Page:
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At this point in the traditional method of adding fractions, we’d begin to ask our questions: “How many 8’s go into 16?”  Ok, 2.  “2 times 3 is …?”  Ok 6.  So 3/8  =  6/16 .  Though this process is easy to a person who is fluent in their multiplication and division, it will give reason for a non-fluent Math student to seize up.

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A great alternative way of adding fractions is the Crisscross Method of adding (and subtracting) fractions.  In this method, we use the common denominator just once (this method will not create two equivalent fractions to the original two) and multiply “crisscross” to find two new numerators.

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In  3/8  +  5/2, we’ll first multiply the denominators to find our new, common denominator:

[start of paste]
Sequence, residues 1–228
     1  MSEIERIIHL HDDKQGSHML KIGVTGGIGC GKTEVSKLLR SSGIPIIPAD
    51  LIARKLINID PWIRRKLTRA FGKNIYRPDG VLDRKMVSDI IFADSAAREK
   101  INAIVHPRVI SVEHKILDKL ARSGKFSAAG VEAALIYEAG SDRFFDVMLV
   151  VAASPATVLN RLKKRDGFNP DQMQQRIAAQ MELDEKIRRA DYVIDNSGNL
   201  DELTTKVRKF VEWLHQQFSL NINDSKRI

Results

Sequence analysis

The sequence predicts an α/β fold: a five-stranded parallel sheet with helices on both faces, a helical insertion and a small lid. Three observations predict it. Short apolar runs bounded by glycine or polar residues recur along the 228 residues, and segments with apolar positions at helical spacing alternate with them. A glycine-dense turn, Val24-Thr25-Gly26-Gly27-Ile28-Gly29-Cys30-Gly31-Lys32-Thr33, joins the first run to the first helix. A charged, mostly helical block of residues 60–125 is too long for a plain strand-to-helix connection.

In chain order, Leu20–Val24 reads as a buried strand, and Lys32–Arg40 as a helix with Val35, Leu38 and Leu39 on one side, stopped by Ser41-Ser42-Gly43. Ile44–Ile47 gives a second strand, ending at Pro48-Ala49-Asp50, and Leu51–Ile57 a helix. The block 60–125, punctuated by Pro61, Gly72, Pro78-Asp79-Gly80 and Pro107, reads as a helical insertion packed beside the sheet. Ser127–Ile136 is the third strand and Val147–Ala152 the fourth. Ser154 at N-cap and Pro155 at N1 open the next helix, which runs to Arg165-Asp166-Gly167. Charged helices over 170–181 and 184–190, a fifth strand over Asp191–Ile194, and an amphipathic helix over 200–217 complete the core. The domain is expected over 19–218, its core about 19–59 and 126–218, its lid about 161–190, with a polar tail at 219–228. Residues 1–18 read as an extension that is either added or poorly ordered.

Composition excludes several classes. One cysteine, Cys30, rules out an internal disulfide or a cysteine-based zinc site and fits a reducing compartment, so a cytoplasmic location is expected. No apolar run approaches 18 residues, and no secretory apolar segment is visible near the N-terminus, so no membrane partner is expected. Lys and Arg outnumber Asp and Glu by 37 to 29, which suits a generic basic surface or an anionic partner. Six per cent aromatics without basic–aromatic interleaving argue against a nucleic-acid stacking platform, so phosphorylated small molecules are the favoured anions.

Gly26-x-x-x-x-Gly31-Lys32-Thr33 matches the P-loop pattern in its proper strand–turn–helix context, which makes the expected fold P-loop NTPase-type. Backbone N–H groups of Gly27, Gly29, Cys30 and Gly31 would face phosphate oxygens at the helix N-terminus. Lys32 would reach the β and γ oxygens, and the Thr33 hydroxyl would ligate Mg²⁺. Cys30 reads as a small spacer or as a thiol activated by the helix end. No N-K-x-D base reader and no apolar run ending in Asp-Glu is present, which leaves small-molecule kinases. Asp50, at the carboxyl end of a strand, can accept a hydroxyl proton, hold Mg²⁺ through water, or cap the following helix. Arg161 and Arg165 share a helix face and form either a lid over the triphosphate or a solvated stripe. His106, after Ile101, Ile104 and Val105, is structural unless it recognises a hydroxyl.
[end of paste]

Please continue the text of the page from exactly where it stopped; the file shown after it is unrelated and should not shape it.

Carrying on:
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Next, we’ll multiply 3 • 2 (always starting our crisscross in the top left corner) to find the first missing numerator:

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And then 8 • 5 to find the second missing numerator:

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But why are we allowed to do this?  Let’s back up to see what really happened.-

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First, we found the common denominator 16 by multiplying the denominators (8 and 2) of both fractions.  We’re guaranteed that our denominator is common if we created it by multiplying the two original denominators to get it.  To get the first numerator 6, we multiplied the numerator of the first fraction (3) by the denominator of the second fraction (2).